A plethora of exercise and mental health articles on mice and men have indicated that cardiovascular exercise can promote the process of neurogenesis (creation of new brain cells) and improve overall brain performance. A high-intensity workout increases the levels of BDNF in the body, a brain-deprived protein that helps with decision making, higher thinking, and learning.
Besides, regular physical activity also boosts memory and the ability to learn new things. Working out increases the production of cells in the hippocampus responsible for learning and memory. Research has also linked children’s brain development with high levels of physical fitness. But sweating out can boost memory among grown-ups too. A study suggested that healthy adults who ran sprints showed improved vocabulary retention.
The brain releases dopamine, a hormone that provides a euphoric, feel-good, and pleasureful effect. The hormone is released in response to any form of pleasure, including drugs, alcohol, food, and exercise. Dopamine is addictive, and people start using substances that produce it, like drugs and alcohol. The good news, however, is that exercise can help with addiction recovery. Short workout sessions can distract your mind from alcohol or drug addiction, making you de-prioritize your cravings.
Working out has other benefits, too. Alcohol and drug abuse disrupt several body processes, like circadian rhythms. Thus, alcoholics find it difficult to fall asleep without drinking. Exercise can help reboot your body clock and enable you to hit the sack at the right time.
Are you having trouble sleeping? Try ending the night after a long run or weight session at the gym. In fact, studies suggest that a moderate workout can equivalate the effects of sleeping pills – it can even help people with insomnia. Moving around for a few hours before bedtime increases your body’s core temperature. When your body returns to normal temperature a few hours later, it signals the body to go to sleep.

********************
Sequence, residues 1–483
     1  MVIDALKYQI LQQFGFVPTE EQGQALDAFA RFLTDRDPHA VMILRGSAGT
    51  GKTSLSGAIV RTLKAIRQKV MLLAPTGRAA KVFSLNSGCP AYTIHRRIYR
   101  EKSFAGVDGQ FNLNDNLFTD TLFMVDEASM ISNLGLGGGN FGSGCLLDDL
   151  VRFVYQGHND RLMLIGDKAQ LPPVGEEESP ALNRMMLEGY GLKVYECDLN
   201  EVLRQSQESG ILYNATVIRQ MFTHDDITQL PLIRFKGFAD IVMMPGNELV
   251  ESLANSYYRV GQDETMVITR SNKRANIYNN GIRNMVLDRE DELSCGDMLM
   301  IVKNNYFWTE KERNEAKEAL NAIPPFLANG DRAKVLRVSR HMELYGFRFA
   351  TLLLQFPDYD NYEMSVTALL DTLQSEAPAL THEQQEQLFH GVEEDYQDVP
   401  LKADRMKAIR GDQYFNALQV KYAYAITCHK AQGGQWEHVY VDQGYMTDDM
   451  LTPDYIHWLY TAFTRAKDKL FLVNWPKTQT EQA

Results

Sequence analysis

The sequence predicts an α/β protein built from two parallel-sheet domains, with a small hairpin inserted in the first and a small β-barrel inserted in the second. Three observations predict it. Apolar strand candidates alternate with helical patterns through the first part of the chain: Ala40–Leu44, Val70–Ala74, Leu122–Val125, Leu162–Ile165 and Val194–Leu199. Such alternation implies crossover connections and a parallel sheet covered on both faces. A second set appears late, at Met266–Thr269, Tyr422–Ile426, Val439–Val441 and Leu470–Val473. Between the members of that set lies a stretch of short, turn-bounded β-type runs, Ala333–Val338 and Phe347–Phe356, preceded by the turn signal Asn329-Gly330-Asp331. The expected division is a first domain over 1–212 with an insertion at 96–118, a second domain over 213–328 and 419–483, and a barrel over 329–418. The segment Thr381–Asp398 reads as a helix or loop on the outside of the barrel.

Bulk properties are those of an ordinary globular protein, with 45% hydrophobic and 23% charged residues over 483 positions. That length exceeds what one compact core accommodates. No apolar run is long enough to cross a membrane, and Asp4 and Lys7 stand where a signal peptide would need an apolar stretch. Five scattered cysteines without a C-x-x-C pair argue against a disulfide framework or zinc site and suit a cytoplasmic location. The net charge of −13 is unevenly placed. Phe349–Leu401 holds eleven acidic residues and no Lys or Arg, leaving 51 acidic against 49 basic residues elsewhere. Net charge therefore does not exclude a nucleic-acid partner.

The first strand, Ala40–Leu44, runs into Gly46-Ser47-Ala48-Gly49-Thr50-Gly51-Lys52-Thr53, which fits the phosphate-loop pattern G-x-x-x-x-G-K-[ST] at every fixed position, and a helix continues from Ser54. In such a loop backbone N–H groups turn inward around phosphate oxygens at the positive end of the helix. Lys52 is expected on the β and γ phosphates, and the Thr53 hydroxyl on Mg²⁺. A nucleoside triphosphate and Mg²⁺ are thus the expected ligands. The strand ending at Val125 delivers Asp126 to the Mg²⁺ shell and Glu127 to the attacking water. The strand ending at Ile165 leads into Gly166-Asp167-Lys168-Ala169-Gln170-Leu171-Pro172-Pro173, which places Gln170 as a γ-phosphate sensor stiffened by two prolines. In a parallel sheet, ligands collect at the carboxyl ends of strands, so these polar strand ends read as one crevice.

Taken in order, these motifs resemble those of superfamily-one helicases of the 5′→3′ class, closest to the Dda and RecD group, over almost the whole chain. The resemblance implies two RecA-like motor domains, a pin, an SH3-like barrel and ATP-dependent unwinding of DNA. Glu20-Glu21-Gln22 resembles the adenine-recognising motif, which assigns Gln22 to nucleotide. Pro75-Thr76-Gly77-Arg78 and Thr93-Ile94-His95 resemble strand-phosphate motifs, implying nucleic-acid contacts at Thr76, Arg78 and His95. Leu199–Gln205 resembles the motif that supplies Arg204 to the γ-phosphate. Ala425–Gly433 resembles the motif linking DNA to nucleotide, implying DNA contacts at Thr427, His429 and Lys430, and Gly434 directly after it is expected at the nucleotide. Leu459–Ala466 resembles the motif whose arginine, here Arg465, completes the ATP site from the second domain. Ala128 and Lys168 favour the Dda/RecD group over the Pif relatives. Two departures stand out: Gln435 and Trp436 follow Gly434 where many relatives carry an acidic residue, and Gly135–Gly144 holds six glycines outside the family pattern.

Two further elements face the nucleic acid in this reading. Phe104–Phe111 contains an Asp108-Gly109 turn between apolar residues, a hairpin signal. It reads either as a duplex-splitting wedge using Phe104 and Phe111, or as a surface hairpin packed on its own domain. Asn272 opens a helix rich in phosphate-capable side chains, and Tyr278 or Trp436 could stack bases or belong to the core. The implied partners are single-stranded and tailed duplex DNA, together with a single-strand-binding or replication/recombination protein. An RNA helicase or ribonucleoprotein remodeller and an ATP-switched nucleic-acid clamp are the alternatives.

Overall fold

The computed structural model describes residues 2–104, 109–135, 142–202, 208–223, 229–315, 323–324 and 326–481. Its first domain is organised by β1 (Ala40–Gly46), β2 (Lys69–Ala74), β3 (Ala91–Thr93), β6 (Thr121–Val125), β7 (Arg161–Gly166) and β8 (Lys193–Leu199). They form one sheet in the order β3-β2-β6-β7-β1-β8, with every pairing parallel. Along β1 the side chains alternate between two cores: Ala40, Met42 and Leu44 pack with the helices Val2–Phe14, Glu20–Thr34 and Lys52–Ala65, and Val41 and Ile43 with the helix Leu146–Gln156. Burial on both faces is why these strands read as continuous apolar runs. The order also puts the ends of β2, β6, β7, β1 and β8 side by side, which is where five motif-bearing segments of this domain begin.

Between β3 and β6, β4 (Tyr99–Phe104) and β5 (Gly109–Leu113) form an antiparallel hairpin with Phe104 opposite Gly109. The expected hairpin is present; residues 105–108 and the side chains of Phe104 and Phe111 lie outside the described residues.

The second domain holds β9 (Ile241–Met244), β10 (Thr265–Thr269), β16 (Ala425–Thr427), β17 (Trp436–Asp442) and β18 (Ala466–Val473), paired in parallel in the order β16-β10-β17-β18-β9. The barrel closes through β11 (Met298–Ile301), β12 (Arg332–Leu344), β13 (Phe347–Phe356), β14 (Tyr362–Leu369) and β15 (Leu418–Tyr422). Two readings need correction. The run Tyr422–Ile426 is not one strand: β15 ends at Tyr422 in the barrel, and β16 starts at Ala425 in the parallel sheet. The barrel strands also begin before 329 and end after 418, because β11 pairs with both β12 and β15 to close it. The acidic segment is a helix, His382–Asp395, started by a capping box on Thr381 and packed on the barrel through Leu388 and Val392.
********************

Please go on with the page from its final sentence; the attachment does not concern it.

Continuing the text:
Increased productivity and creativity
One of the emotional benefits of exercise is increased productivity. If you’re feeling uninspired or lazy at work, a short walk or jog could be all you need. Research suggests that office workers who exercise regularly feel more productive and energetic than their sedentary peers. Busy work schedules may make it tough to spare some time for a gym session, but experts believe that midday is the best time to work out.
Apart from helping you become more productive, exercise also increases your creativity levels. An intense gym session can boost creativity for up to two hours. So next time you’re having creativity issues, hit the track to refresh your body and mind at the same time.
Whether it’s a run with a friend, a group class at the gym, or a game of soccer, exercise doesn’t usually happen in a bubble. And that’s good news. Exercise and mental health articles show that people perform better on aerobic tests when paired with a partner. Working out with someone boosts healthy competition – nobody wants to let the other person down.
Besides, being in time can be so powerful that it can raise your tolerance for pain, and prevent you from giving up too soon. Even if you’re a fitness beginner, a workout buddy can help you get moving and push harder.
Working out has benefits that go beyond building muscle or getting that dream beach body. It can go a long way in helping you gain confidence, build self-esteem, and develop a positive image of yourself. In addition, it enhances brain function and helps you become more productive and creative. Lastly, it relaxes your mind and body, and it also allows you to sleep better.
So, which one of the exercise mental health benefits did you like the most?